Like whole egg omelets, those made with the whites alone dry out when they cook for too long at too high a heat. Or they can get rubbery if you don't whisk them long enough to break them up. A wet omelet can be caused by one of three things—adding too much liquid to the whites (you don't need any), using wet fillings (raw tomatoes or soggy spinach) or undercooking.Tina Ujlaki called Capton Place chef Laurent Manrique and he gave her his fail–safe method. He has two secrets—first he beats a little melted butter into the egg whites before they go into the pan, and when the omelet is almost set, he runs it under the broiler to set the top without overcooking the bottom. If you're concerned about calories or cholesterol, omit secret number one but follow Manrique's broiler method.More Brunch Recipes

April 2003


Recipe Summary

15 mins


Ingredient Checklist


Instructions Checklist
  • Preheat the broiler; set a rack 5 inches from the heat. Heat 1 tablespoon of the butter in a medium nonstick ovenproof skillet. Add the shallot and thyme and cook over moderate heat, stirring, until fragrant, about 30 seconds. Add the mushrooms, season with salt and pepper and cook over moderately high heat until tender and lightly browned, about 5 minutes.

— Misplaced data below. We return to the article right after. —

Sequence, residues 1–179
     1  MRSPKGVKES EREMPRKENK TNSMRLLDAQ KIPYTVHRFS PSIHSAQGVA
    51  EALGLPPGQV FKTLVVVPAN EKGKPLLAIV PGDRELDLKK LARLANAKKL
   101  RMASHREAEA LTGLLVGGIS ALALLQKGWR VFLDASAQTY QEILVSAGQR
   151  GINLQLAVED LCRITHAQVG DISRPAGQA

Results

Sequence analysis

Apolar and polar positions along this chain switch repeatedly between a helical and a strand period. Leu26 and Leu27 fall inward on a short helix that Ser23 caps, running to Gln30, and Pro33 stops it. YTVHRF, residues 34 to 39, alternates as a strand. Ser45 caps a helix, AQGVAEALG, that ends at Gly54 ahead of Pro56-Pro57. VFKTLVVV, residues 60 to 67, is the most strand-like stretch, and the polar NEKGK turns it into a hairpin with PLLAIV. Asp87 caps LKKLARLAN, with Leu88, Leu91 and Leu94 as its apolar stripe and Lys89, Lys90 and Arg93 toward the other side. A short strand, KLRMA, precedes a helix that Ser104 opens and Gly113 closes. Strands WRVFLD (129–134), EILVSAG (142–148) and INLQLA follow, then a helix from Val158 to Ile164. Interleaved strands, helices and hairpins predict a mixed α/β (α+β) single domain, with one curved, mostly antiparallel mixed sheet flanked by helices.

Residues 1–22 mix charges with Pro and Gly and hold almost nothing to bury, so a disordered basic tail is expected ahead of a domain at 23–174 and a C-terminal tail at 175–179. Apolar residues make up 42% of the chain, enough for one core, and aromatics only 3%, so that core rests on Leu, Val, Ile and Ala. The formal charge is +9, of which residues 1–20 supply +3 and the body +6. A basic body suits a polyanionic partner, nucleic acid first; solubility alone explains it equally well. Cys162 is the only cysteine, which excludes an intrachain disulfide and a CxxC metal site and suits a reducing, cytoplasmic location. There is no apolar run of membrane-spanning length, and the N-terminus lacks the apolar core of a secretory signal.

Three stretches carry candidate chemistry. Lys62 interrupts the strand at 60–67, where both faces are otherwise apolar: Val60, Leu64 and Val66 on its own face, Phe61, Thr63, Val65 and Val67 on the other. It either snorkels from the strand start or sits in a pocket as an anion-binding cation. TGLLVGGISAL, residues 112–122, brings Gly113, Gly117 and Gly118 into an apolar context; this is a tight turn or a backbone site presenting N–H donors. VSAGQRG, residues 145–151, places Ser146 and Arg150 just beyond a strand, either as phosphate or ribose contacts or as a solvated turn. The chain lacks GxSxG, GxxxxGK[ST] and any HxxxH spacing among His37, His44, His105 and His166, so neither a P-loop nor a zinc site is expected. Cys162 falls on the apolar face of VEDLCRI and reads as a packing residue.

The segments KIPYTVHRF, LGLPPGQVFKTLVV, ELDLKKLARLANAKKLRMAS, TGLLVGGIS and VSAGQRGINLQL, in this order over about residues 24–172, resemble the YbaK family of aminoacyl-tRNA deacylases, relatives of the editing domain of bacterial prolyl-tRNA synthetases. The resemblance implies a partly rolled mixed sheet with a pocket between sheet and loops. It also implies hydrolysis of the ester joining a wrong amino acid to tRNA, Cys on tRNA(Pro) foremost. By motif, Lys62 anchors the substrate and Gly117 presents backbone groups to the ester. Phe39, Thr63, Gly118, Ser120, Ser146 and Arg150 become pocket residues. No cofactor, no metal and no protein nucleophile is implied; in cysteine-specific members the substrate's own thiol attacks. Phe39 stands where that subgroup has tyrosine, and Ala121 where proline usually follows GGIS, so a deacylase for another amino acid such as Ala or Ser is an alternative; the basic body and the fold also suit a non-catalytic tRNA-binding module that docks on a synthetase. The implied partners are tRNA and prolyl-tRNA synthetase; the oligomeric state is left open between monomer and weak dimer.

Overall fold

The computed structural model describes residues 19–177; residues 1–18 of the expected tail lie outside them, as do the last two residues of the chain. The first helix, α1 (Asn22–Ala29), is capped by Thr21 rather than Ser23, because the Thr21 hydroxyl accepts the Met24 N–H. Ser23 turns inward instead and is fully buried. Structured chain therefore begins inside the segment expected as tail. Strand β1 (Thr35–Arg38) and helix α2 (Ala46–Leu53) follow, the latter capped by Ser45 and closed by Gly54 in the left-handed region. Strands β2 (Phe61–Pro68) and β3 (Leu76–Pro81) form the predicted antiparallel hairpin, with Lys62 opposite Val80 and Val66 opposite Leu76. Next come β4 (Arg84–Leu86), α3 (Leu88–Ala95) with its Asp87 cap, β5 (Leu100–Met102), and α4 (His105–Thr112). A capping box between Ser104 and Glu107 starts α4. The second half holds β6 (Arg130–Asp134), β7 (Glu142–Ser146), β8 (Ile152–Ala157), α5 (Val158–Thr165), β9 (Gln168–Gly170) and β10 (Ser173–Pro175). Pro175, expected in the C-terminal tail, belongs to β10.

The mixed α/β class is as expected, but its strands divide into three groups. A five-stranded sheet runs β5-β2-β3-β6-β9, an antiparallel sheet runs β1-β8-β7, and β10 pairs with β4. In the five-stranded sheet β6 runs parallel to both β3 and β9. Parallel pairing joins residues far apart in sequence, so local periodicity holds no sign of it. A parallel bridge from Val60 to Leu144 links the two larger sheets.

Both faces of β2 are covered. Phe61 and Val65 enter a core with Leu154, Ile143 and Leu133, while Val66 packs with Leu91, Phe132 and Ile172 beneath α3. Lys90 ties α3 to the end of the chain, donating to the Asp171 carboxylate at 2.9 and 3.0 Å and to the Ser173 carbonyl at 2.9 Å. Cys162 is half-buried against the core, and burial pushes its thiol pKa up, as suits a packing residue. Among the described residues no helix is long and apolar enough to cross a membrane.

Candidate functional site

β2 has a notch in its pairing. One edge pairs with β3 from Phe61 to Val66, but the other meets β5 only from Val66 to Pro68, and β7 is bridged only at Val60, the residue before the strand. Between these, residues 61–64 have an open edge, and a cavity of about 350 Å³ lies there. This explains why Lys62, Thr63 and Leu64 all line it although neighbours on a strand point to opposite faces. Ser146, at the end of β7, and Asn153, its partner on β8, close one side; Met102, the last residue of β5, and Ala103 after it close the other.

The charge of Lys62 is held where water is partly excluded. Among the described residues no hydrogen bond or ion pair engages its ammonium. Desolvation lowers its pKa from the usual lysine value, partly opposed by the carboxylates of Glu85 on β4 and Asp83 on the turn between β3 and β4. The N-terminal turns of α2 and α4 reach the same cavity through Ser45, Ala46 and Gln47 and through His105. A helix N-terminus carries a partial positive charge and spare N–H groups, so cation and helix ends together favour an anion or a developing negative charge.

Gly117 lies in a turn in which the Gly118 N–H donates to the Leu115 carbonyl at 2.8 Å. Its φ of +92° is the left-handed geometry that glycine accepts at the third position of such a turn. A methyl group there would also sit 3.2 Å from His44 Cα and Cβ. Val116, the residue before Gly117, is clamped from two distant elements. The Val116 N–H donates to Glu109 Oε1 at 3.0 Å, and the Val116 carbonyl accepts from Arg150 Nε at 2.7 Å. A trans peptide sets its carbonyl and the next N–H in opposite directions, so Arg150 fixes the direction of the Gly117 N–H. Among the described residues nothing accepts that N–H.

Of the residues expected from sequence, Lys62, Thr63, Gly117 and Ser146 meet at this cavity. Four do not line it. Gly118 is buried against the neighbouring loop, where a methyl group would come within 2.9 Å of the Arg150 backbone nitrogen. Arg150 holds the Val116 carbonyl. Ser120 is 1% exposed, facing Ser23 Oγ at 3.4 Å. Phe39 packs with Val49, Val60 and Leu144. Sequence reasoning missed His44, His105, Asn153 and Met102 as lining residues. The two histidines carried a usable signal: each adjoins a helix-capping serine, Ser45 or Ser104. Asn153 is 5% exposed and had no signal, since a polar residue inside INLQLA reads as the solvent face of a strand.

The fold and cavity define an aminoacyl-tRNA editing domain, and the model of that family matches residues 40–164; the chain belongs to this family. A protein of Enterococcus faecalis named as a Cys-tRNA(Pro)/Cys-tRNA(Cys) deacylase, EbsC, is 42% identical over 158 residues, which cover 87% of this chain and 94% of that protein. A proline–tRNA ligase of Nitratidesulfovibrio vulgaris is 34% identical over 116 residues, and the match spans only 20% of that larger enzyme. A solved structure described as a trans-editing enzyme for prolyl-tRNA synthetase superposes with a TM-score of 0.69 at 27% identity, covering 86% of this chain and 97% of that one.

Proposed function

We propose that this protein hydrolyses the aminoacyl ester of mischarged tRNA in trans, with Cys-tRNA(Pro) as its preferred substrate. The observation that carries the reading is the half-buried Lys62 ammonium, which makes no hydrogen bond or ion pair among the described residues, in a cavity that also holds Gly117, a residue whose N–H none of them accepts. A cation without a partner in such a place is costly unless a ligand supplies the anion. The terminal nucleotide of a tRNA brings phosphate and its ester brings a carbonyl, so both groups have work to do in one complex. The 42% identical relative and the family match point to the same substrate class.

• In a medium bowl, whisk the egg whites until frothy. Season with salt and pepper and beat in the remaining 1 tablespoon of melted butter. Pour the beaten whites into the skillet and cook over moderate heat until almost opaque, drawing in the edges of the omelet with a spatula as they set and tilting the pan to allow the uncooked whites to seep underneath, about 40 seconds.

  • Transfer the skillet to the oven and broil the omelet for about 10 seconds, or until the top is just set. Run the spatula around the edge of the omelet to release it. Fold one third of the omelet onto itself, then roll it out onto a plate in a neat shape and serve at once.